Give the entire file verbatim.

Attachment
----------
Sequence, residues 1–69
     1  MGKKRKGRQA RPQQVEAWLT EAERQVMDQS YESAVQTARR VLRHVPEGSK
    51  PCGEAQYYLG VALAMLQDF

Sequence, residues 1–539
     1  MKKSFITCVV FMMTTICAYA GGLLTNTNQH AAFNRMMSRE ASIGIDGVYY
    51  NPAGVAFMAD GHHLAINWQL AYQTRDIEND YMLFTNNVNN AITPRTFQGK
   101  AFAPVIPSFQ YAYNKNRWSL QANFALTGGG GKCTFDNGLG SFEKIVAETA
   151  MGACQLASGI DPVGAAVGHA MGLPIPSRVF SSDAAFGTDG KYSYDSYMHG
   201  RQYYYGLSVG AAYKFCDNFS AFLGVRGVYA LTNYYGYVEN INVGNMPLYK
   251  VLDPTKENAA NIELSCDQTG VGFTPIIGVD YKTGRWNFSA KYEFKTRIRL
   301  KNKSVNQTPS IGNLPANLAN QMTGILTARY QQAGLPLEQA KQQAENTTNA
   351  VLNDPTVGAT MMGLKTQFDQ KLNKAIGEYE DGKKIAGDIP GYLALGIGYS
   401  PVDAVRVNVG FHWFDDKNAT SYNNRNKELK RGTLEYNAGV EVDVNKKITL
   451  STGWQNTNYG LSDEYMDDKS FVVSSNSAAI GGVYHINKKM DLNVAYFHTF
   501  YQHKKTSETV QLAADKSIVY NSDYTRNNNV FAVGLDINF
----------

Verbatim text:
Sequence, residues 1–69
     1  MGKKRKGRQA RPQQVEAWLT EAERQVMDQS YESAVQTARR VLRHVPEGSK
    51  PCGEAQYYLG VALAMLQDF

Sequence, residues 1–539
     1  MKKSFITCVV FMMTTICAYA GGLLTNTNQH AAFNRMMSRE ASIGIDGVYY
    51  NPAGVAFMAD GHHLAINWQL AYQTRDIEND YMLFTNNVNN AITPRTFQGK
   101  AFAPVIPSFQ YAYNKNRWSL QANFALTGGG GKCTFDNGLG SFEKIVAETA
   151  MGACQLASGI DPVGAAVGHA MGLPIPSRVF SSDAAFGTDG KYSYDSYMHG
   201  RQYYYGLSVG AAYKFCDNFS AFLGVRGVYA LTNYYGYVEN INVGNMPLYK
   251  VLDPTKENAA NIELSCDQTG VGFTPIIGVD YKTGRWNFSA KYEFKTRIRL
   301  KNKSVNQTPS IGNLPANLAN QMTGILTARY QQAGLPLEQA KQQAENTTNA
   351  VLNDPTVGAT MMGLKTQFDQ KLNKAIGEYE DGKKIAGDIP GYLALGIGYS
   401  PVDAVRVNVG FHWFDDKNAT SYNNRNKELK RGTLEYNAGV EVDVNKKITL
   451  STGWQNTNYG LSDEYMDDKS FVVSSNSAAI GGVYHINKKM DLNVAYFHTF
   501  YQHKKTSETV QLAADKSIVY NSDYTRNNNV FAVGLDINF